Sharing the caring

December 03, 2002 12:00 am
Though paperwork and other preparations seem never to end, Arlita Jewell, left, and Jean Simpson, seated right, are combining their resources to open a foster care home in Baker City. Seated left is Arlita's husband, Mike, and Jean's husband, Chuck. (Baker City Herald/S. John Collins).
Though paperwork and other preparations seem never to end, Arlita Jewell, left, and Jean Simpson, seated right, are combining their resources to open a foster care home in Baker City. Seated left is Arlita's husband, Mike, and Jean's husband, Chuck. (Baker City Herald/S. John Collins).

By MIKE FERGUSON

Of the Baker City Herald

Jean Simpson and Arlita Jewell don't share a typical landlord-tenant relationship.

They're more like fellow travelers, two women who were introduced by a reality that has dominated their lives the past few years: both their husbands were diagnosed with early onset Alzheimer's disease.

The disease is the most common form of dementia among older people. It involves the parts of the brain that control thought, memory and language, and robs the sufferer of his or her faculties gradually. Often, Alzheimers first shows itself as mild forgetfulness.

The causes are still unknown; there is no cure. An estimated 4 million Americans have Alzheimers, including former President Ronald Reagan and the late Bob Straub, a former governor of Oregon.

The hard, round-the-clock work required to care for their spouses, Mike Jewell, 63, and Chuck Simpson, 66, brought the women together last year at the Alzheimer's Support Group conducted monthly by Ashley Manor Care Center at Meadowbrook Place.

The women became friends and, over dinner one night, discovered each had something the other needed: Jean had the financial wherewithal to purchase another house, and Arlita had 20 years of professional caregiving experience.

"I needed to still work, and Jean needed daycare for Chuck," Arlita said. "I also needed a job where my husband could be cared for. We figured, ‘Why not put two and two together?'"

In this case, that meant purchasing a house near Brooklyn School in Baker City at 1918 Chestnut St., a home the two women have named "Chestnut House."

For now, while Arlita finalizes the certification she needs to operate the adult foster care facility, Chestnut House is the Jewells' living space and a place where Chuck can receive the care and attention he needs during the day.

Last month, Arlita completed a four-day training program in La Grande to cement her adult foster care certification. The house was inspected last week by the Oregon Department of Senior and Disabled Services.

Beginning sometime in December, the women hope to turn the facility into a home that can accommodate both boarders and daytime drop-in clients.

"Study after study has shown that people thrive in a home-like setting," Arlita said. "We have tried to make this as home-like as possible — and affordable, too."

When it's ready for business, Chestnut House will offer several levels of care, Arlita said. Fees will range from $7.50 per hour for adult day care, from 8 a.m. through 5 p.m., to about $2,000 per month for round-the-clock resident care.

The two also hope to address the needs of mentally handicapped adults and children with special needs, Arlita said.

For two hours each week, Arlita plans to offer a free respite care service. That will allow caregivers time away during the day to take care of personal needs, she said.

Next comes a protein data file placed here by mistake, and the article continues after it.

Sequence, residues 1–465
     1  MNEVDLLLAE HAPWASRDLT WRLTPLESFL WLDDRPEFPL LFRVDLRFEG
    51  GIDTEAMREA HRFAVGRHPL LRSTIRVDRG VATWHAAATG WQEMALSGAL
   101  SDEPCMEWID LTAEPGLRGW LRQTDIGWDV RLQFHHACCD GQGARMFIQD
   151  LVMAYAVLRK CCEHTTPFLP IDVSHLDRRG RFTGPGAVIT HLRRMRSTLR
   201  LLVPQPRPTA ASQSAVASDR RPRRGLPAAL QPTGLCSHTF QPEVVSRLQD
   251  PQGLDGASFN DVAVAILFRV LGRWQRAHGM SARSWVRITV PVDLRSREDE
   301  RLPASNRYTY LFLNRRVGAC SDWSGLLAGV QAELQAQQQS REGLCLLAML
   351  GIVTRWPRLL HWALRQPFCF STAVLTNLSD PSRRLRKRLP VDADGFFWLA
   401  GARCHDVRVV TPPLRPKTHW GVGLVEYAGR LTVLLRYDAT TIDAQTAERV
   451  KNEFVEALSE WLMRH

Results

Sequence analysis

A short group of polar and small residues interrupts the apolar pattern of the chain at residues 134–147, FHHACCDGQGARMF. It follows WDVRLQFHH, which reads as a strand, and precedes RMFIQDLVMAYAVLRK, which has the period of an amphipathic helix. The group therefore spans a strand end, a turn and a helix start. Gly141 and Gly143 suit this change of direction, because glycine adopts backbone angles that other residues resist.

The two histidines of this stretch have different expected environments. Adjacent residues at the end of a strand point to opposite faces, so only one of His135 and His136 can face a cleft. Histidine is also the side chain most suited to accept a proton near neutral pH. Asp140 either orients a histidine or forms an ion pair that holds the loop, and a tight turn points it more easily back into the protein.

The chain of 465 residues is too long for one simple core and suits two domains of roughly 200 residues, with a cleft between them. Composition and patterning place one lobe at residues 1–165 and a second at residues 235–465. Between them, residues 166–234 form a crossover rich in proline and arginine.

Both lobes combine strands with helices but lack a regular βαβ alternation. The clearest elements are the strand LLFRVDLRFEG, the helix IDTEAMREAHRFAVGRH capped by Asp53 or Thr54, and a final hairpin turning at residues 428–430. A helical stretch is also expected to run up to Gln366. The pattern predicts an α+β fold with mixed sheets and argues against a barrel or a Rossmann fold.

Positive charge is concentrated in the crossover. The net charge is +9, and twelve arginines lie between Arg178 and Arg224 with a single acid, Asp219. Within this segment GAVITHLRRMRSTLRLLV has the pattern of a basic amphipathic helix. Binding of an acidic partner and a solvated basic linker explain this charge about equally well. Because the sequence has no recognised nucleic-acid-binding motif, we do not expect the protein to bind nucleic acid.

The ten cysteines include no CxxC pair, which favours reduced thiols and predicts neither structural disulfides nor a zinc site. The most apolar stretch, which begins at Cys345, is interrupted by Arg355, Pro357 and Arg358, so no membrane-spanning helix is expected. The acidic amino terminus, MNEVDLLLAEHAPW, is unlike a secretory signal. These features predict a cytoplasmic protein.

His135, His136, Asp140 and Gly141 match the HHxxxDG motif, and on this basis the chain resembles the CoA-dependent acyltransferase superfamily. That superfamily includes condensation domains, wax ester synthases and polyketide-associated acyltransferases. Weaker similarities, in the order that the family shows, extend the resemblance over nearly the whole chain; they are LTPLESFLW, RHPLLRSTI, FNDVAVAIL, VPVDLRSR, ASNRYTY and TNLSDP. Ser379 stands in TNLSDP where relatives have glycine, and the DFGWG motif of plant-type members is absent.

A special bond

Mike and Chuck have formed a bond in the months they've grown to know each other, the women say. Mike takes care of Chuck's basic needs, from fetching drinks of water to whipping up light snacks.

"Mike takes care of Chuck real well," Jean says. "He makes sure he's never hungry or thirsty. I will have Chuck over here when I need it."

Before the onset of his disease, Mike was a trucker, carpenter, welder and rancher. Chuck had a Baker City optometry practice.

During a visit last week, the men sat in side-by-side easy chairs in the living room. Mike spends much of his day, Arlita says, thumbing through magazines that contain how-to articles about building a log home.

"In his mind, that's his next project," she says, and during the visit, he shows her several times a photograph or set of plans that's caught his eye.

The men also enjoy listening to music and watching slapstick comedy on television, from "America's Funniest Home Videos" to reruns of "I Love Lucy" and "The Three Stooges."

But they don't sit in front of the TV all day. The four have coffee out together nearly every day, and both men love to go for automobile rides and to get their daily exercise by walking.

Mike also takes the Jewells' toy poodle — Arlita calls her "Marie," but Mike insists on "Poopsie" — out for potty breaks.

Arlita says she relied on her husband's still-strong back to move the couple into their new home.

"Without Mike, I couldn't have made the move (from Boise)," she said. "He's my ‘Mister Muscles.'"

The women have also formed a bond as they've dealt — first separately, then together — with their husbands' condition. Mike was diagnosed in 1996, Chuck in 1998.

"I consider Jean my mentor," Arlita said. "She has spoken up publicly about her situation, and she helped me to ask for what I needed. When I didn't even know how to ask, Jean gave me the words."

The neighbors seem fine with the prospect of having the facility in their back yard, Arlita said. One has already pledged his help in case of an emergency, such as a fire. Another, whose mother recently died after a long struggle with Alzheimer's disease, came by to wish them well.

"There have been no objections," she said. "They think it's great."